The A5 envelope addressed personally to Ackermann, and with the return address marked as the Central European Bank, also in Frankfurt, was caught in a security X-ray screening because it contained wires and pieces of metal.
These are thought to have been what police described as an operational mechanism to set off the explosive powder contained in the envelope.
“The powder was not dynamite, either military or commercial,” a police spokesman said on Thursday. But he said that had the envelope been opened, the powder “could certainly have been dangerous.”
It could have burned the victim on hands, face and upper body, he said. “The aim was to hurt someone,” he said.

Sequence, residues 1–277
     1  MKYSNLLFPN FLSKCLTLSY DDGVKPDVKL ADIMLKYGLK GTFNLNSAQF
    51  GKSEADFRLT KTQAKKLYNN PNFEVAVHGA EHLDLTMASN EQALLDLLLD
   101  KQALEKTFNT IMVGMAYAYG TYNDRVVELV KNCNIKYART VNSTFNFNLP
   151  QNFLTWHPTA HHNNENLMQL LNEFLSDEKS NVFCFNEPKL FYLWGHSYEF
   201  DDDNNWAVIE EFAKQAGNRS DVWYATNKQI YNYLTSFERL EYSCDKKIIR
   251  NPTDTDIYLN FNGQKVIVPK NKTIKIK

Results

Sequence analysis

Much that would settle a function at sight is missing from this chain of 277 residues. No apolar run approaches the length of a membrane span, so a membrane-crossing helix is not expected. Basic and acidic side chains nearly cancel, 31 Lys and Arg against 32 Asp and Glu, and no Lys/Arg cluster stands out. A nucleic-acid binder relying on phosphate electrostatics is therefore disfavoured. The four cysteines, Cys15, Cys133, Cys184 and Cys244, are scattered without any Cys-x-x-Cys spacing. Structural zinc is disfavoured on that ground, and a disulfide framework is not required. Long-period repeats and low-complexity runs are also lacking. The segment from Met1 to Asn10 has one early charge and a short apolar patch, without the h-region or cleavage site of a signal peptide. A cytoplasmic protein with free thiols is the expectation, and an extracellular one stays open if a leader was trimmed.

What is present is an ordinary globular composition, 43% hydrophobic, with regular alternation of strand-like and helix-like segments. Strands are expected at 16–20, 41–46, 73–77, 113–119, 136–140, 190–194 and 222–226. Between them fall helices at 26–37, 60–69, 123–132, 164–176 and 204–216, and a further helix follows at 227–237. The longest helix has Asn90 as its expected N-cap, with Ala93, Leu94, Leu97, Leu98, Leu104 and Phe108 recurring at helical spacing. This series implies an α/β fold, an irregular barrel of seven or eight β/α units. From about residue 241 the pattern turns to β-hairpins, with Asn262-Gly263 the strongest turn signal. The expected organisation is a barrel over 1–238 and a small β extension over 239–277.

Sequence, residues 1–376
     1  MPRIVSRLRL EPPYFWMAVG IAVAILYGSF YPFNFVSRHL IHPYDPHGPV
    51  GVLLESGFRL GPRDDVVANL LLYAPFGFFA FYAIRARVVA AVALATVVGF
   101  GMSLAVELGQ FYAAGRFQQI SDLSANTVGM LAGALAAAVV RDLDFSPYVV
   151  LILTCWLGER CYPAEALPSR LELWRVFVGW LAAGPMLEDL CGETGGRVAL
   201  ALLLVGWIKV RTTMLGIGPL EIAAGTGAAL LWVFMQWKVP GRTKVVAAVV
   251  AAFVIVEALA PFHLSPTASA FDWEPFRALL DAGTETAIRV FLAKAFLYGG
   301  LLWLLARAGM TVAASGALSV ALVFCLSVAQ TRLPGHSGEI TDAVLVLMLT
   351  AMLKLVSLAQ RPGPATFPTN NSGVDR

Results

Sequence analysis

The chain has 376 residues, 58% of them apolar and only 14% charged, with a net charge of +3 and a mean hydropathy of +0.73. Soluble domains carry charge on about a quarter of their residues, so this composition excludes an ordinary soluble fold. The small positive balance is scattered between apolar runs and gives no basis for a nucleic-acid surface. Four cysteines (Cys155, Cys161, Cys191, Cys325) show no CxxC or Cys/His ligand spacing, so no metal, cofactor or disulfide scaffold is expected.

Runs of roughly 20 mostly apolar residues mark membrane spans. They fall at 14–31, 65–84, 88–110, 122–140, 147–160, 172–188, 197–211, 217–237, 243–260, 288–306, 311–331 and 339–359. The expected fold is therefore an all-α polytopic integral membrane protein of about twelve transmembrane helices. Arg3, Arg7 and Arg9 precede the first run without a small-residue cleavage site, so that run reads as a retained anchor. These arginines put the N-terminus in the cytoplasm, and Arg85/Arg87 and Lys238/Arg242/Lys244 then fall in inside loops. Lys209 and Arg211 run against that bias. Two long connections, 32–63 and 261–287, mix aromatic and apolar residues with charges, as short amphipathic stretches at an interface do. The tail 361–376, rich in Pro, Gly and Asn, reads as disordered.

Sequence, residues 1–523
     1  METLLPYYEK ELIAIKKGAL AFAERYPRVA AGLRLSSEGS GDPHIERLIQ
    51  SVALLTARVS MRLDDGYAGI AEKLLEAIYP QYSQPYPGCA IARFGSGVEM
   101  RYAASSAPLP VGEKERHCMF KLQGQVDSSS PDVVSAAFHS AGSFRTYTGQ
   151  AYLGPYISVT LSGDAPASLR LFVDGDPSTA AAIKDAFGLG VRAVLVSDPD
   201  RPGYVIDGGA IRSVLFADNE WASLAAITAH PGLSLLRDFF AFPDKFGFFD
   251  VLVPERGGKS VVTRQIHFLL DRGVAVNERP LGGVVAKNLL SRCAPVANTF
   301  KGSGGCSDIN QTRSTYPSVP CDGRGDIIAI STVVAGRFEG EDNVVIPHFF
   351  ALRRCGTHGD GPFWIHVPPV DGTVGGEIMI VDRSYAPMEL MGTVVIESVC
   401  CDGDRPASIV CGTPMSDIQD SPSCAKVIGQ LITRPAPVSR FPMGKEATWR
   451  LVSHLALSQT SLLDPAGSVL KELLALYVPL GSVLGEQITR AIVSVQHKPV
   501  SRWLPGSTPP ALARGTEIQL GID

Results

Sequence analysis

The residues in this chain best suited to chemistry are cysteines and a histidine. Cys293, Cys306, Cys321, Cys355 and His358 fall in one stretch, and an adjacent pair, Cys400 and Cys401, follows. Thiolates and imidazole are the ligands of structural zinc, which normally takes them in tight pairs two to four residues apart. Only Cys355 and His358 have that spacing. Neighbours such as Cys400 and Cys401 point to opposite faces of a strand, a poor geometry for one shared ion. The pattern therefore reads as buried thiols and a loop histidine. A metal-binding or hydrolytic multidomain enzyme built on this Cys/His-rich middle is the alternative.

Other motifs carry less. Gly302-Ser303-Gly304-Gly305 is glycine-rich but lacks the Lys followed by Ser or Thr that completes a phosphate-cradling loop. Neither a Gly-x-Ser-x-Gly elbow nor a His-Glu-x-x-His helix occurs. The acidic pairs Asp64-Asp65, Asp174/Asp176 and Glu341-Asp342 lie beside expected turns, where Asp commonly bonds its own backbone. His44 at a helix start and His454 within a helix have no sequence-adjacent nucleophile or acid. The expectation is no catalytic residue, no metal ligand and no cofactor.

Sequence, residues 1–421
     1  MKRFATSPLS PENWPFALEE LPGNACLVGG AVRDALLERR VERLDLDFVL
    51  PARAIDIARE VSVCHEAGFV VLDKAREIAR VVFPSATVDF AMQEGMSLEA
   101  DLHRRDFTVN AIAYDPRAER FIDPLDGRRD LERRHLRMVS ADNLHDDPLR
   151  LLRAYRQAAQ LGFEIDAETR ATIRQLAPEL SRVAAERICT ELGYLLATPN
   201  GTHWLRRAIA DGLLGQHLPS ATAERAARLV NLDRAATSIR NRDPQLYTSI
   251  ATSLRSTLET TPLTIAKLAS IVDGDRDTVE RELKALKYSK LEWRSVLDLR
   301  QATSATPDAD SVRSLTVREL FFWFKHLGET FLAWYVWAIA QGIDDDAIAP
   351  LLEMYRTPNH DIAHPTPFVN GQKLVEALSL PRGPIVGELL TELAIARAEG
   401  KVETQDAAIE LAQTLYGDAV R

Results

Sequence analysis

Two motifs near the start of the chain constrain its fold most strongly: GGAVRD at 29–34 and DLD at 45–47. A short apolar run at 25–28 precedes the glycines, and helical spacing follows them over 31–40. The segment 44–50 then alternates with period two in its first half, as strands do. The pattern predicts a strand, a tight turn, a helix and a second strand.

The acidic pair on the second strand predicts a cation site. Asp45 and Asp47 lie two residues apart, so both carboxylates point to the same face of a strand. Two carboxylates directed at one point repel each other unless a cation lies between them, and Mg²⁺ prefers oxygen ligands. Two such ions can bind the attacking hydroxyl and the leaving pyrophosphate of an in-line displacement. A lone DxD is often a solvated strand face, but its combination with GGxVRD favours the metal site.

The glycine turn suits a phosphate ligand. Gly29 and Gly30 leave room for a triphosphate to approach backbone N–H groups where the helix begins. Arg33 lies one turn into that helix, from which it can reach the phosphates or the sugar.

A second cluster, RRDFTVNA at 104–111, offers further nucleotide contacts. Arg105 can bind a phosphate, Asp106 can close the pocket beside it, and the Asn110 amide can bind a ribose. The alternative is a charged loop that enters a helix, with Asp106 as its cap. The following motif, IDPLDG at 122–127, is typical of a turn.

Tests on the powder were being conducted on Thursday, while an investigation was launched to find who had sent the package.
The incident caused alarm in New York, where a warning was sent to Wall Street companies to be particularly careful in handling packages.
A spokesman for the FBI told news agency Bloomberg, “The FBI investigation group for terrorism is working with the German authorities to investigate the incident in Frankfurt and identify possible threats against people or property.”
Ackermann, 63, has headed Deutsche Bank since 2002 and plans to step down in May 2012 after the group's annual shareholder meeting.
Financial sources have said he is being investigated by Munich prosecutors over allegedly false testimony he gave in a civil suit connected with the 2002 demise of the massive Kirch media group.